Beit Midrash

  • Shabbat and Holidays
  • Rosh Chodesh
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9. Yom Kippur Katan: A Time of Atonement

Rosh Ĥodesh is a time of atonement. In order to make this atonement complete, pious Jews customarily repent in for the time leading up to Rosh Ĥodesh. Some people fast on the day before Rosh Ĥodesh and recite special Yom Kippur Katan prayers prior to the Minĥa service.

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Rabbi Eliezer Melamed

Av 13 5781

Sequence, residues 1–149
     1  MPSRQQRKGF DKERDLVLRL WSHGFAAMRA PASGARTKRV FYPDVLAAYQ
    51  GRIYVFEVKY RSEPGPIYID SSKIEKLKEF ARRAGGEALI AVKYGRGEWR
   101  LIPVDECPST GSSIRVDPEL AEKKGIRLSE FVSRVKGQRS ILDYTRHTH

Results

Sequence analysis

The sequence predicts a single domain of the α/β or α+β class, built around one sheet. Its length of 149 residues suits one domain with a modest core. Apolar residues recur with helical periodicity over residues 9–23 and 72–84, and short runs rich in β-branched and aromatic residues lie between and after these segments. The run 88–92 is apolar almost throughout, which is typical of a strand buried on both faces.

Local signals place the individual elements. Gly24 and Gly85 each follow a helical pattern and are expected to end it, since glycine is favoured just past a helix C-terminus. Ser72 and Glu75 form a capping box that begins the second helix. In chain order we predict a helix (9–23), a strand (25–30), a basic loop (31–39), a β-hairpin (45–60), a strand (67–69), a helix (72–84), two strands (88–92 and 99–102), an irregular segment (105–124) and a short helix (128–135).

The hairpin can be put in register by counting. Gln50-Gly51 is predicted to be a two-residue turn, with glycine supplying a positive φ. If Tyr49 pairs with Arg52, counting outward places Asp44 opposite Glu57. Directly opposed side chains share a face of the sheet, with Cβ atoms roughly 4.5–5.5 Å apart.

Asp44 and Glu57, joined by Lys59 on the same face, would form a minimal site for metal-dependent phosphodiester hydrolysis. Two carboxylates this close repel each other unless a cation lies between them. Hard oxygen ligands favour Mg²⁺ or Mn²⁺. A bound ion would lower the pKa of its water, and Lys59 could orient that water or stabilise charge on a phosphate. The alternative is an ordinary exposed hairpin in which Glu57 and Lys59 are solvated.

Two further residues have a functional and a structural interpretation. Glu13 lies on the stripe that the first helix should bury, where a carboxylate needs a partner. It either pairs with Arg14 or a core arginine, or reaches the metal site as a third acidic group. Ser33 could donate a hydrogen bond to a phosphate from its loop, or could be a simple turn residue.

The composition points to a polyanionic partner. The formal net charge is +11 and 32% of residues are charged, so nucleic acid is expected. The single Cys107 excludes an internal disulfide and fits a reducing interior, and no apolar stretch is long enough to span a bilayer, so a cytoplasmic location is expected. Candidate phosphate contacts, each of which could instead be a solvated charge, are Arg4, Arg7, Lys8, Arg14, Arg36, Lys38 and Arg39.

Rosh Ĥodesh is a time of atonement, as we recite in the Musaf prayer, "a time of atonement for all their offspring." In addition, in the time of the Temple, a male goat would be brought as a sin offering.


In order to make this atonement complete, pious Jews customarily repent in for the time leading up to Rosh Ĥodesh. Some people fast on the day before Rosh Ĥodesh and recite special Yom Kippur Katan prayers prior to the Minĥa service. The day before Rosh Ĥodesh is called Yom Kippur Katan ("the minor Yom Kippur") because it is a time to atone for the sins of the previous month, just as Yom Kippur is a time to atone for the sins of the previous year (see mb 417:4, Kaf Ha-ĥayim 417:10-21). Nowadays, few people follow the custom of fasting; instead of fasting, one can study more Torah and give extra charity. 

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